It’s [Crop] Science: Why Blockchain Remains an Integral Tool In the Food Industry

By Mission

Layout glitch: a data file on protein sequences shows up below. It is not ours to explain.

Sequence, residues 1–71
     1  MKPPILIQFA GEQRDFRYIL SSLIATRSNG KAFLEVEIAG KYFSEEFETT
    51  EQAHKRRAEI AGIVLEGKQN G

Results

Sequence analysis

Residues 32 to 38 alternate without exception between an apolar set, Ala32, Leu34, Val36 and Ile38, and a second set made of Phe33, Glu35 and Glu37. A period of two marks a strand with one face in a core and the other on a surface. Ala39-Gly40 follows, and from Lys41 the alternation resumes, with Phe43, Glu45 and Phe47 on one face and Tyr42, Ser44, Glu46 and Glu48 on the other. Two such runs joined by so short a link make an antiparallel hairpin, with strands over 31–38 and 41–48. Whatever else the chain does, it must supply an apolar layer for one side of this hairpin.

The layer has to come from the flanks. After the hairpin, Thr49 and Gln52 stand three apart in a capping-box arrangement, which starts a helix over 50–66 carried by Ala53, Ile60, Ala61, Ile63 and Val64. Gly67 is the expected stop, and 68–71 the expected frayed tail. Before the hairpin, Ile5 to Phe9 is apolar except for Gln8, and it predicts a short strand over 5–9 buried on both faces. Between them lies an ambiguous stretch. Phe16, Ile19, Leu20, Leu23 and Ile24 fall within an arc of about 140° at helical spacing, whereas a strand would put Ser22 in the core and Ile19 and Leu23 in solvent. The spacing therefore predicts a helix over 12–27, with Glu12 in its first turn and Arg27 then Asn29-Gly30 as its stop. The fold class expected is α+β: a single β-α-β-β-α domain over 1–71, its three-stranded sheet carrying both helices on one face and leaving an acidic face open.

Have you ever picked up a plant at the grocery store and wondered to yourself, can I really keep this alive? Or maybe you’ve planted seeds in the ground only to see them never sprout. Don’t worry, if you’ve struggled to find any success, you’re not alone. But imagine the pressure when the food industry’s supply chain is relying on your green thumb, so you have to find a way to plant trillions of seeds that yield crops covering millions of square miles to feed the world.. It’s no longer about having a green thumb. It’s a full on science and technology based operation, and it can’t fail. That’s where Bayer Crop Science and Elisha Herrmann step in to bring that supply chain to life.“We produce not only the seeds that the farmers plant, but we have to produce the fruits and the vegetables that produce the seeds that the farmers plant.”Elisha is a Global Supply Chain Strategy and Innovation Partner a Bayer Crop Science, a company that is currently utilizing all forms of science and technology, including drones, machine learning, artificial intelligence and robotics, to deliver the best produce from the moment seeds hit the dirt to the second you remove them from the shelves. On this episode of IT Visionaries, Elisha describes the unique ways Bayer Crop Science is utilizing technology to ensure quality from both ends of the supply chain, why blockchain is now an integral tool for the food industry when it comes to tracking and tracing products, and much more.Main TakeawaysCan You Track That: Being able to track the lifecycle of a plant is incredibly important when it comes to managing where certain plants and produce are shipped. If a plant or seed is infected with a fungus and is sent to a geographic location of the world that doesn’t have the resources to remedy the causes of that fungus, it could be detrimental in very severe ways.It’s Just Science: Artificial intelligence and machine learning technologies are used to track the overall health and life cycle of crops, but also to manage current and future food trends. By using A.I. and machine learning, scientists can let the growers know if they need to plan for different crops.Blockchain Grows in Necessity: A few years ago, most growers, suppliers, and distributors were tracking the whereabouts of their crops manually. This meant that regardless of where those crops ended up, the data they were inputting was done manually and could have discrepancies. With blockchain, they now have the ability to instantly track where their crops are going, to whom they are being shipped, and how they are getting there.IT Visionaries is brought to you by the Salesforce Platform - the #1 cloud platform for digital transformation of every experience. Build connected experiences, empower every employee, and deliver continuous innovation - with the customer at the center of everything you do. Learn more at salesforce.com/platform

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